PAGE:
simmer

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See also: Simmer

English[edit]

Pronunciation[edit]

Etymology 1[edit]

From alteration of dialectal simper, from Middle English simperen (to simmer) [late 15th c.], of possibly imitative origin. First attested in the intransitive sense. The noun is from the verb.

Alternative forms[edit]

Verb[edit]

simmer (third-person singular simple present simmers, present participle simmering, simple past and past participle simmered)

  1. (intransitive) To cook or undergo heating slowly at or below the boiling point. [from mid 17th c.]
    The soup simmered on the stove.
    • 2004, Susan Westmoreland, The Good Housekeeping Cookbook, Hearst Books (→ISBN), page 89:
      That way, the heat can circulate under the meat and prevent it from simmering in its juices.
  2. (transitive) To cause to cook or to cause to undergo heating slowly at or below the boiling point.
    Synonym: coddle
    Coordinate terms: bake, sauté
    Simmer the soup for five minutes, then serve.
    • 1981, Phyllis Hobson, Easy Game Cookery, Storey Publishing (→ISBN), page 2:
      There are other easy ways you can bake and simmer and sauté wild game without qualifying as a gourmet cook.
  3. (intransitive, figuratively) To be on the point of breaking out into anger; to be agitated. [from 1760s]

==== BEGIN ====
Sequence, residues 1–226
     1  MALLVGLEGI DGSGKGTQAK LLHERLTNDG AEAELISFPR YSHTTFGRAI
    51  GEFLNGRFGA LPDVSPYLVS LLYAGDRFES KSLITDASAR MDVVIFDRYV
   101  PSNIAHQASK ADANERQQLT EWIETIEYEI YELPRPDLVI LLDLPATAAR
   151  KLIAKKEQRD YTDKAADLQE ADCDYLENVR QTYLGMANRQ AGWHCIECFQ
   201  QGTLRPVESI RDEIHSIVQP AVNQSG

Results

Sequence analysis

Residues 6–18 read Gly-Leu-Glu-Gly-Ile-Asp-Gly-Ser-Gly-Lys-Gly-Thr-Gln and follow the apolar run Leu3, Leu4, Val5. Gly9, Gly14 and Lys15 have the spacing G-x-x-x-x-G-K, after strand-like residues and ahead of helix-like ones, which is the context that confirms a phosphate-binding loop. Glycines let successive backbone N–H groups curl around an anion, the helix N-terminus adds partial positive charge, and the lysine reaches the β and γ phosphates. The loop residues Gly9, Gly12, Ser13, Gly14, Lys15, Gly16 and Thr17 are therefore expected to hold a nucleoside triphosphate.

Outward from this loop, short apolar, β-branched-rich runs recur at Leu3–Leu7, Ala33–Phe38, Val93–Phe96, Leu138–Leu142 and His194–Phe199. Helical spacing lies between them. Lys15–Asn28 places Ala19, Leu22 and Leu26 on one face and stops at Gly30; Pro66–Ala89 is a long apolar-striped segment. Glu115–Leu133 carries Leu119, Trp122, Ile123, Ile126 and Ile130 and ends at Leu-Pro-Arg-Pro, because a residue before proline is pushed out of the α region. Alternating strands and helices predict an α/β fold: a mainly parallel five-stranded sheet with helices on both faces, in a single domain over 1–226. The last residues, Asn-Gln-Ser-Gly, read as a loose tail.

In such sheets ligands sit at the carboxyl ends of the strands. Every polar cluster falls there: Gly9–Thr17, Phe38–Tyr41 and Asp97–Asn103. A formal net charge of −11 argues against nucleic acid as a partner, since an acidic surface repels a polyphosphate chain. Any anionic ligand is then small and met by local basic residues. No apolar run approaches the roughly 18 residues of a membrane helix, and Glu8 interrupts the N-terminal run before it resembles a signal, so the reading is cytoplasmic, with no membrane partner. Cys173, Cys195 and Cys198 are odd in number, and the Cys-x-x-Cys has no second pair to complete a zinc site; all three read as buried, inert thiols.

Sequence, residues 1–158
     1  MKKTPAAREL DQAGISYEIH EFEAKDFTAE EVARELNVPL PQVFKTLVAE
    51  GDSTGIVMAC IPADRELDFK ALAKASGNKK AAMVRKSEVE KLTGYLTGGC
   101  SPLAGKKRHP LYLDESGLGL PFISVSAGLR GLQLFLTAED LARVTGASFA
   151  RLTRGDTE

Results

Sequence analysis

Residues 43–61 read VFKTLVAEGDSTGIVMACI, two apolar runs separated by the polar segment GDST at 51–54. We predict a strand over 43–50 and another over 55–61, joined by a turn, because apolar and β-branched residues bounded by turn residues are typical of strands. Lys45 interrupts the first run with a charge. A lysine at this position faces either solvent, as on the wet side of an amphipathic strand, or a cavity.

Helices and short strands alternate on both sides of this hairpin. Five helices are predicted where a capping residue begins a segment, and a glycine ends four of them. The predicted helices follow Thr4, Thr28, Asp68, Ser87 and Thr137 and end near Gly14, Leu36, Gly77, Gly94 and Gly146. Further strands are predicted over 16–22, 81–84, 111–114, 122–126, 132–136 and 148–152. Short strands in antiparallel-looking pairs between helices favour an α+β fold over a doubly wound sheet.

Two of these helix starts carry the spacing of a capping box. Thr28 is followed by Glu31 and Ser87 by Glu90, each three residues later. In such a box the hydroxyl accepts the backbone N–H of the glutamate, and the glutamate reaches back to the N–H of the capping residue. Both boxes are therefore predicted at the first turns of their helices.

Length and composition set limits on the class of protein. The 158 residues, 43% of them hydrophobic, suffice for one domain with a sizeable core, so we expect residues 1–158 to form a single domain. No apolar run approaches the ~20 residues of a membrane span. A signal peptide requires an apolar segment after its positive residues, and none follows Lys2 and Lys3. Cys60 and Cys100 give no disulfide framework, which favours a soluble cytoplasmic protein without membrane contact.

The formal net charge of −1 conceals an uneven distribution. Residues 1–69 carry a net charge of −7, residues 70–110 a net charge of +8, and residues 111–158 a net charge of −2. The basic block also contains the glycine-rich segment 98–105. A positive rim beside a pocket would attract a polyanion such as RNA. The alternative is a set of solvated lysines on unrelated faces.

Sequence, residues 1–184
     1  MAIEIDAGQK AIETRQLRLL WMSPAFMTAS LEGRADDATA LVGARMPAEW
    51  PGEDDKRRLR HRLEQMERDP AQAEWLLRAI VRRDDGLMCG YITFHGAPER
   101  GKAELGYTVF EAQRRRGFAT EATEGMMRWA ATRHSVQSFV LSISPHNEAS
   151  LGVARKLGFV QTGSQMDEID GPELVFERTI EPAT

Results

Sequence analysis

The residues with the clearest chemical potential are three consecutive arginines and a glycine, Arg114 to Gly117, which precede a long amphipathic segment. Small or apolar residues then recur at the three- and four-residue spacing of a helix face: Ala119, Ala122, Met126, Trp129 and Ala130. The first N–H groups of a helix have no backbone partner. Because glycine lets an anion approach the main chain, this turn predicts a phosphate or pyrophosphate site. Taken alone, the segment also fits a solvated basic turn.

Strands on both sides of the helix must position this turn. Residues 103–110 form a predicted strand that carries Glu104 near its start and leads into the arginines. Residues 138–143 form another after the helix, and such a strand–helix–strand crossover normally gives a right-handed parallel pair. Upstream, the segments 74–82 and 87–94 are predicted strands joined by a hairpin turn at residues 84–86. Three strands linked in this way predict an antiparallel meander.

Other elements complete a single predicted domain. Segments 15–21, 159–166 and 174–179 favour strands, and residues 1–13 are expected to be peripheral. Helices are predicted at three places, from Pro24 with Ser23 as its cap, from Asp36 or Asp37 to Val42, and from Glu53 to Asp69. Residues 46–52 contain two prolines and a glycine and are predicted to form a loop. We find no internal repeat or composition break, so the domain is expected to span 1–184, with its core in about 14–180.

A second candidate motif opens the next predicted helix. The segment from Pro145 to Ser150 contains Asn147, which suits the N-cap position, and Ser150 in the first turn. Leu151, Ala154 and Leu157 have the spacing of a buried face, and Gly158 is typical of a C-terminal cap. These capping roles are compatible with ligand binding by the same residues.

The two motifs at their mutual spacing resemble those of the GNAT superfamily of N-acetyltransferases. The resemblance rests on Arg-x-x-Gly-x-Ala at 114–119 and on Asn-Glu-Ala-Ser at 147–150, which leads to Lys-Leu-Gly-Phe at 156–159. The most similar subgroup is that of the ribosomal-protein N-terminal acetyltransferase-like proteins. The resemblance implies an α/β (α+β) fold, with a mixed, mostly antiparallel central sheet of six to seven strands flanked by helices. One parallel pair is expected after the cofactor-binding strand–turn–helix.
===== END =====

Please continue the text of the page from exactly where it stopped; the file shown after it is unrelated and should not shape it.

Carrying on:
• 2006, Earl Ganz, The Taos Truth Game, UNM Press (→ISBN)
      Maybe that really did happen, and Robin's anger at his wife had simmered for this long?
  4. (intransitive, figuratively) To remain angry with someone or something past the point of exhaustion; to resign oneself to holding a grudge, especially after some failed attempts to resolve a situation.
    I tried to get through to him; all that's left for me to do is simmer.
  5. (intransitive, figuratively) To develop gradually, of an idea or plan.
    Synonyms: gestate, ferment
    • 2003, Mark H. Walker, Games That Sell!, Wordware Publishing, Inc., →ISBN, page 162:
      The idea for The Sims was one that had been simmering in Wright's mind for quite some time, and was initially conceived as an architecture simulation.
Derived terms[edit]
Translations[edit]

Noun[edit]

simmer

  1. The state or process of simmering. [from early 19th c.]
    The kettle was kept on the simmer.
Translations[edit]

Etymology 2[edit]

From sim (simulation, noun) +‎ -er.

Noun[edit]

simmer (plural simmers)

  1. (informal, video games) Someone who plays a sim (a simulation game), particularly The Sims.
    (The addition of quotations indicative of this usage is being sought:)

Anagrams[edit]


German[edit]

Pronunciation[edit]

Verb[edit]

simmer

  1. (colloquial, regional) Contraction of sind wir.
    Wann simmer denn da?When are we gonna be there?

Usage notes[edit]

This contraction is common throughout central Germany, southern Germany, and Austria. It is only occasionally heard in northern Germany.

See also[edit]


Scots[edit]

Alternative forms[edit]

Etymology[edit]

From Old English sumor, from Proto-Germanic *sumaraz.

Noun[edit]

simmer (plural simmers)

  1. summer

West Frisian[edit]

Etymology[edit]

From Old Frisian sumur, sumer, from Proto-Germanic *sumaraz.

Noun[edit]

simmer c (plural simmers, diminutive simmerke)

  1. summer

Derived terms[edit]

Further reading[edit]

  • simmer”, in Wurdboek fan de Fryske taal (in Dutch), 2011